Reflection and projection. That’s what the last month of the calendar year means to a writer—a chance to take stock of where you are, where you’ve been, and where you’re going. For many, these 31 days contain ritual and family, celebration and contemplation, giving and receiving, traveling and staying put. December is also the month of the solstice—the longest day of the year or the shortest—and ushers in another rotation around the sun. This December, write a piece of creative nonfiction inspired by the last month of the year, and all that it signifies.
What is creative nonfiction, you might be wondering. Often defined as a personal essay or personal narrative, this genre braids together storytelling and reflection. We want to hear about an experience in your life, rife with characters and description and conflict and scene… but we also want to hear how you make sense of this experience, how it sits with you, and why it has surfaced as writing. You may not address each of these points explicitly, but the answers should be somewhere in the fabric of your writing.
And remember, details that seem mundane to you may utterly captivate a reader on the other side of the country, or world. Even the weather! “The smog becomes denser,” wrote Vanilla in her submission last year. She described the December pollution in New Delhi as “trying to wrap the earth in a heavier, grayish blanket.” Reflecting on her experience waiting for a train delayed by smog, Vanilla expertly wove together the ordinary with the extraordinary. To get a sense of what this creative nonfiction genre is all about, we encourage you to read "December in Delhi
" in full, the winning pieces
from last years competition, and the resources Creative Nonfiction Exemplars
and My December Beginnings
KNOW THE HEART OF YOUR NARRATIVE. Oftentimes we don’t know the “main point” when we start writing, and are instead guided by instinct. Something is telling us that a particular experience is significant and worth investigating. It is the process of writing itself that reveals to us the purpose for telling our story. So, although you don’t need to articulate a hypothesis or point or purpose before you start writing, at some stage it’s useful to step back and identify the following elements to your piece:
1) What is powerful about the experience?
2) What has it taught you?
3) How has it changed you?
You may not answer these questions directly in your final piece, but thinking about these questions will infuse your writing with significance.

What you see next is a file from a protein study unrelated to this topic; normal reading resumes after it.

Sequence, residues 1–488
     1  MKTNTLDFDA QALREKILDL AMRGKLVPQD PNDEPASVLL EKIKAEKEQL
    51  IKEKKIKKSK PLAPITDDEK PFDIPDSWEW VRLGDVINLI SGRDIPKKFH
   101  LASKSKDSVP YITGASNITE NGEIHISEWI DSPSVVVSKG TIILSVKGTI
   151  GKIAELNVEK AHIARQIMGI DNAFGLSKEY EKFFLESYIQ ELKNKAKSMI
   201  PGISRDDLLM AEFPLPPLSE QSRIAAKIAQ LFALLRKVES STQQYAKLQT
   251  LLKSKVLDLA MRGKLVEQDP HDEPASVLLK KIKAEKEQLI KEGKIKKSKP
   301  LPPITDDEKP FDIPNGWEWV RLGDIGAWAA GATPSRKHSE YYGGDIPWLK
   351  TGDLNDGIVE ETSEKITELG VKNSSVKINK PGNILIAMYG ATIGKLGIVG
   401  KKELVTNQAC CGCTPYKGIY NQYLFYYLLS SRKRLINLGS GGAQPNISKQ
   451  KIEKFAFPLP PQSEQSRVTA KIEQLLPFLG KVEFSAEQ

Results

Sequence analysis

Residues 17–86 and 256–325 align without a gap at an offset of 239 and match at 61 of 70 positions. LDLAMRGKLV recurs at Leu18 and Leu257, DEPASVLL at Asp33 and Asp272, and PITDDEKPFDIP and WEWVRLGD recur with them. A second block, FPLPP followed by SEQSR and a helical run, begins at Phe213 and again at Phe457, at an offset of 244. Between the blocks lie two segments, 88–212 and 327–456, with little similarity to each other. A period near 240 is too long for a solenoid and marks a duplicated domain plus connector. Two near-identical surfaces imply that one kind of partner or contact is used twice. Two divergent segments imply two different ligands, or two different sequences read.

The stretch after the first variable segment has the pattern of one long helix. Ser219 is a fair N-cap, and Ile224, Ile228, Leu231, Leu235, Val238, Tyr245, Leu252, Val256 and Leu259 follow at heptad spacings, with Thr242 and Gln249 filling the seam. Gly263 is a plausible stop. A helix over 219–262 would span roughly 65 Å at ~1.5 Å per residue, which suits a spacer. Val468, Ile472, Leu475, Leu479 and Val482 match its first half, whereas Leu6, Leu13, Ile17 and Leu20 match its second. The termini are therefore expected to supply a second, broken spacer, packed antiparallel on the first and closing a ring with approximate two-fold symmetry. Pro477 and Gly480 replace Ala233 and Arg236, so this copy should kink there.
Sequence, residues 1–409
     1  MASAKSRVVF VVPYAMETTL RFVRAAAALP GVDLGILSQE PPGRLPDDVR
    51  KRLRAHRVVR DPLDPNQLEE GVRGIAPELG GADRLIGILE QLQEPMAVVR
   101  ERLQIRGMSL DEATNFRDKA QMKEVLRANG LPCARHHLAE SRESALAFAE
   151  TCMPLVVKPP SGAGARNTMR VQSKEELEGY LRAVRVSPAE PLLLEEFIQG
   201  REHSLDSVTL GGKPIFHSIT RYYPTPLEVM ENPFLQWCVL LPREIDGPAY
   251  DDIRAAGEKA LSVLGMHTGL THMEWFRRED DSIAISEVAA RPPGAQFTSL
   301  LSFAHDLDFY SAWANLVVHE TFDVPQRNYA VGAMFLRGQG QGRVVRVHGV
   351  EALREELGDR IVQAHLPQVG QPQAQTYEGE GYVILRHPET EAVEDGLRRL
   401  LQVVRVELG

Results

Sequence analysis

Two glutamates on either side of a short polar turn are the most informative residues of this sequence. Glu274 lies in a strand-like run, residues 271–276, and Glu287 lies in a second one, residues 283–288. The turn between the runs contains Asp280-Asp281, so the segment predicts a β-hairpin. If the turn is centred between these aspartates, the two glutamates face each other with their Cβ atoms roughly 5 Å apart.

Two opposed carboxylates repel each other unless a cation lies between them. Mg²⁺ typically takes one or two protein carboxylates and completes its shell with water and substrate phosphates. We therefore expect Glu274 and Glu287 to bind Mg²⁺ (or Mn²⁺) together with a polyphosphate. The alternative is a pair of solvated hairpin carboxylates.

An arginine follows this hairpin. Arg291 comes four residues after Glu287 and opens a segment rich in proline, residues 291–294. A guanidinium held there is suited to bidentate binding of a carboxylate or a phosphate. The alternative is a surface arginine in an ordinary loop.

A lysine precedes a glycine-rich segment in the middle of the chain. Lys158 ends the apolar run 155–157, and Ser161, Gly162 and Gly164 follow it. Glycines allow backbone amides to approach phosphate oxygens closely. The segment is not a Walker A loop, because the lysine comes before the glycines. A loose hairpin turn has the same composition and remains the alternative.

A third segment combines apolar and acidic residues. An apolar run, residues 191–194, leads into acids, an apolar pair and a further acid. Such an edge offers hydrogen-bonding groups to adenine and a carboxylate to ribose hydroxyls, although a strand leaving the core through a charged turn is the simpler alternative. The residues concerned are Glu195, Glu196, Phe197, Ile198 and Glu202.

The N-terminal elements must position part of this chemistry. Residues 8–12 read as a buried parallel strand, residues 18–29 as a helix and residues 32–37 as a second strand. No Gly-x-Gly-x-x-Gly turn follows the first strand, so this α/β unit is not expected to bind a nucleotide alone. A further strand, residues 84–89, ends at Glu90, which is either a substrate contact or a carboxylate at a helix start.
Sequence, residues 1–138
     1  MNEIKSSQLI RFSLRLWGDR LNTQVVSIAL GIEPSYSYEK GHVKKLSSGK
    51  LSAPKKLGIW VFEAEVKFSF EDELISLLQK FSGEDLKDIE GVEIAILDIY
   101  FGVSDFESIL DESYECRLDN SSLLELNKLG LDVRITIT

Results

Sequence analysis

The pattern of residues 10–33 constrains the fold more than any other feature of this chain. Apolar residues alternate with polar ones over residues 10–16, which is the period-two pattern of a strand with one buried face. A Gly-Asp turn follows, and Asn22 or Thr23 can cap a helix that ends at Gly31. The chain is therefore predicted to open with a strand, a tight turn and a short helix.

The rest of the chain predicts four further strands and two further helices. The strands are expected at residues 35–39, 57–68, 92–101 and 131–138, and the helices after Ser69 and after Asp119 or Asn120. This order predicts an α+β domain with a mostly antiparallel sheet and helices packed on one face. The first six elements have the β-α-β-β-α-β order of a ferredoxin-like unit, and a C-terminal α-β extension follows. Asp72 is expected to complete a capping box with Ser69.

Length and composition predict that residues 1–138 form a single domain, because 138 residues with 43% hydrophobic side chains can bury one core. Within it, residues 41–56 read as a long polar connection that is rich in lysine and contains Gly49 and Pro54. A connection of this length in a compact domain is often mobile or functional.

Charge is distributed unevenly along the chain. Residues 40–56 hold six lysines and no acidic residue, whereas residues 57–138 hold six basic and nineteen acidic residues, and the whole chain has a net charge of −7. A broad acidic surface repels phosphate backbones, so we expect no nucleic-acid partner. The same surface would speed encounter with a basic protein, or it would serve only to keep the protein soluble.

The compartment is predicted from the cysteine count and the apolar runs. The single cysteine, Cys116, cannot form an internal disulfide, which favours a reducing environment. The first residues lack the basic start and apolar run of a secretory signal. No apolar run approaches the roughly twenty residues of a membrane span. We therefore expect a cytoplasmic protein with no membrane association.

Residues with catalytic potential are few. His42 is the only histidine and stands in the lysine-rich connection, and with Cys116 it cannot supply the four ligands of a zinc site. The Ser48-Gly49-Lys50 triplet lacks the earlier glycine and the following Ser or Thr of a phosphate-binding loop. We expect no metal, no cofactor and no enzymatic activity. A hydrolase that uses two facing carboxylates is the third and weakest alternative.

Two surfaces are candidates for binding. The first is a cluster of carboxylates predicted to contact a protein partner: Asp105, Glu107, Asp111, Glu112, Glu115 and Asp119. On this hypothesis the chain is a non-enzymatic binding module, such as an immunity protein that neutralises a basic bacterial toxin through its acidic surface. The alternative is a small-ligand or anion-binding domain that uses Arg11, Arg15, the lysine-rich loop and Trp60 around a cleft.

WRITE TO YOUR AUDIENCE. Your audience for this narrative is a large, vibrant, supportive community… of mostly strangers! And strangers from across the world, no less, who don’t know what the view is out your bedroom window, or the cadence of your father’s voice, or the way your best friend shuffles when he walks. Make sure to give your readers all the details they need to understand your experience.
FIND A UNIVERSAL THREAD. Although you are telling a story that is personal in nature, are there elements you can develop to make it resonate with a broader audience? Here are some options to consider:
1) Appeal to your readers through emotion, allowing them to feel a particular experience.
2) Demonstrate how the subject you’re exploring also impacts others.
3) Demand the reader’s attention by expressing the urgency of an issue or problem.
4) Be particular. We naturally relate to a story when we can step inside the shoes of the main character or narrator. Report your story with attention to specific detail and nuance.
5) Show your foibles. Being honest about your weaknesses, insecurities, or mistakes cultivates empathy in readers.
BALANCE SCENE AND SUMMARY. As you develop your narrative, consider your methods of delivery. Scenes will draw in your reader, build tension, and offer telling details. Usually a personal narrative will revolve around 1-3 key scenes. Summary and reflection are also important. Summary efficiently delivers information (and can set the stage for scenes), while reflection allows you to communicate significance to the readers, building their investment in your experience.
CONSIDER TIME AS FLUID. Do the events in your personal narrative unfold chronologically (the order in which they happened)? Or do they jump around in time, according to their connection to one another and their significance? Organizing your piece in a sequence that is not chronological can build suspense and a sense of purpose in our writing. For example, you might throw the reader into a dramatic scene in the opening paragraph, and then back up, filling in details to help ground the first scene in context. Jumping into the past is called “flashback” and into the future is called “flashforward”—two techniques to keep in your toolbox.
Who is Eligible?
Young writers ages 13-18
600 – 1,000 words
Melissa De Silva
Best Entry: $100 (winning piece + author interview will be featured on Write the World’s
website and blog)
Runner up: $50
Best Peer Review: $50 (reviewer interview will be featured on Write the World’s
website and blog)
What’s Different about Write the World Competitions?
Prizes: The winning entrant(s) will receive $100, and the best peer-reviewer will receive $50.
Professional Recognition: The winning entry, plus the runner-up and best peer review, will be featured on our blog, with commentary from our guest judge.
Expert Review: Submit your draft by Monday December 4th and get feedback from our team of experts—authors, writing teachers, and educational professionals.
November 27: Competition Opens
December 4: Submit draft for Expert Review (Optional. We will review the first 100 drafts submitted.)
December 8: Reviews returned to Writers
December 12: Final Submissions Due
December 22: Winners Announced
Our Album Review Competition opens Monday, January 1st.
Stay tuned for more details!